Publication Date

Summer 2023

Degree Type


Degree Name

Master of Science (MS)


Justice Studies


Bryce Westlake; Grace Howard; Karen Holt


Technological advancements within the last decade have created new opportunities for social movements to meet and communicate online with like-minded individuals. Under this notion, these online communities generate an echo-chamber of information, to which certain individuals only surround themselves with people sharing similar values and opinions. As a result, online platforms (e.g., forums, blogs, websites) form as safe spaces for members to express their views seen as unacceptable offline. Research examining the role of echo-chambers in facilitating extremist rhetoric within online incel communities is limited, despite real-world acts of violence perpetrated by self-proclaimed incels. Therefore, the objective of this thesis was to address this limitation within cybercrime research. To determine over time the progression of negative sentiment present within online incel communities, this thesis performed an automated language analysis and group-based trajectory modelling of user posts from the popular online forum, This thesis found prolonged exposure to forums can impact negative sentiment relating to aggrieved entitlement and violence, mental health and suicide, and idealization of violent perpetrators. While incel ideology is not inherently dangerous, prior cases of incel-related violence highlight the importance of identifying patterns of extremist rhetoric online before it leads to offline violent outcomes.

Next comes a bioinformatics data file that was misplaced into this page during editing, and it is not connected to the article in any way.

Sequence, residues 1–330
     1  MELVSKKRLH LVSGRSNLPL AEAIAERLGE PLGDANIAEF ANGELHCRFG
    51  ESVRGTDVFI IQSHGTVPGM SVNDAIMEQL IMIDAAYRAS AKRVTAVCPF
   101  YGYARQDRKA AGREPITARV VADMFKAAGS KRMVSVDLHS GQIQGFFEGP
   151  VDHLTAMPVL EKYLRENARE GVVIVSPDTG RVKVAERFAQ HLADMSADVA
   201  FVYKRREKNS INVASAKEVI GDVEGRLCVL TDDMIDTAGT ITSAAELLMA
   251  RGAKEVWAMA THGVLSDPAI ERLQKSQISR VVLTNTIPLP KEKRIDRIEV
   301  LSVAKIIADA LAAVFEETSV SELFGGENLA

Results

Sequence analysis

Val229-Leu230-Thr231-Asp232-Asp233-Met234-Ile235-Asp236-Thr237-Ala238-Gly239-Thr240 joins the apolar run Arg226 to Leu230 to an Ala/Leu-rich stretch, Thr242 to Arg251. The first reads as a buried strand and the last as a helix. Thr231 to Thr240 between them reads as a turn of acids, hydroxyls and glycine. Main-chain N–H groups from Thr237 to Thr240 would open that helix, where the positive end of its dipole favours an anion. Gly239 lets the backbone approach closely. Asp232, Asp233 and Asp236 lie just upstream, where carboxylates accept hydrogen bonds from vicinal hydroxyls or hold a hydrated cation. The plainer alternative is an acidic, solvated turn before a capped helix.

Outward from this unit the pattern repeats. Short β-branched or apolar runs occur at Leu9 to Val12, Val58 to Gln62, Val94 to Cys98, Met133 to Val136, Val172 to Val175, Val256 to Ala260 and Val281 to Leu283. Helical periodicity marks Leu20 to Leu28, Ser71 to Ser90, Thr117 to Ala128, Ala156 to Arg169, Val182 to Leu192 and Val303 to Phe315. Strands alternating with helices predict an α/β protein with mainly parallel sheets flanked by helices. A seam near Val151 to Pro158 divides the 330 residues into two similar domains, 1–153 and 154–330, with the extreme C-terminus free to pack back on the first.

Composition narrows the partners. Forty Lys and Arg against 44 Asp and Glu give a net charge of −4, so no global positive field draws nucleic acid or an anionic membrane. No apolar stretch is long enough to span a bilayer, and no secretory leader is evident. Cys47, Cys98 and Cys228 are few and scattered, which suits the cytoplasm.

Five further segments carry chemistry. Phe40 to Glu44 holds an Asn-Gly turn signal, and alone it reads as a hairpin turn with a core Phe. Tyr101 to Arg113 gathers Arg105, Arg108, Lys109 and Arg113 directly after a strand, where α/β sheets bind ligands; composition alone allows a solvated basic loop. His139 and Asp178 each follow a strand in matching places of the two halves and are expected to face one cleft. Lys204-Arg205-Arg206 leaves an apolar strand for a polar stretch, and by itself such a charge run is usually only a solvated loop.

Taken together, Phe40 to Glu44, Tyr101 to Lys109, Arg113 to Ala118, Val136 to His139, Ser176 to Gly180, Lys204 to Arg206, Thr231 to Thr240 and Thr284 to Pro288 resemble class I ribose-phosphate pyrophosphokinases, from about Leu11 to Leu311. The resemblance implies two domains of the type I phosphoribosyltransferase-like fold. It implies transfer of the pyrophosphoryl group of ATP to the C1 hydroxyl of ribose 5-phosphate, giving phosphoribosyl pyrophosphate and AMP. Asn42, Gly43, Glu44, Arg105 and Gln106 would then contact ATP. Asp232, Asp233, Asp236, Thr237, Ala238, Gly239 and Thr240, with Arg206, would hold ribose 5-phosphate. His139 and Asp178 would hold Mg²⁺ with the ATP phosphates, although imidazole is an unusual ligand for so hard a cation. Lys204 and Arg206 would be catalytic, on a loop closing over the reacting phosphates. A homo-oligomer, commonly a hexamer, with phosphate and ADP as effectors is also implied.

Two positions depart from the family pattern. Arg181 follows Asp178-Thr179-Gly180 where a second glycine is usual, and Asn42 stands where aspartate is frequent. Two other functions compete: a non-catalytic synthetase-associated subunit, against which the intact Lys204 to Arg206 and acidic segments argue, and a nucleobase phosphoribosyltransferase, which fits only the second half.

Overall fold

Included in

Criminology Commons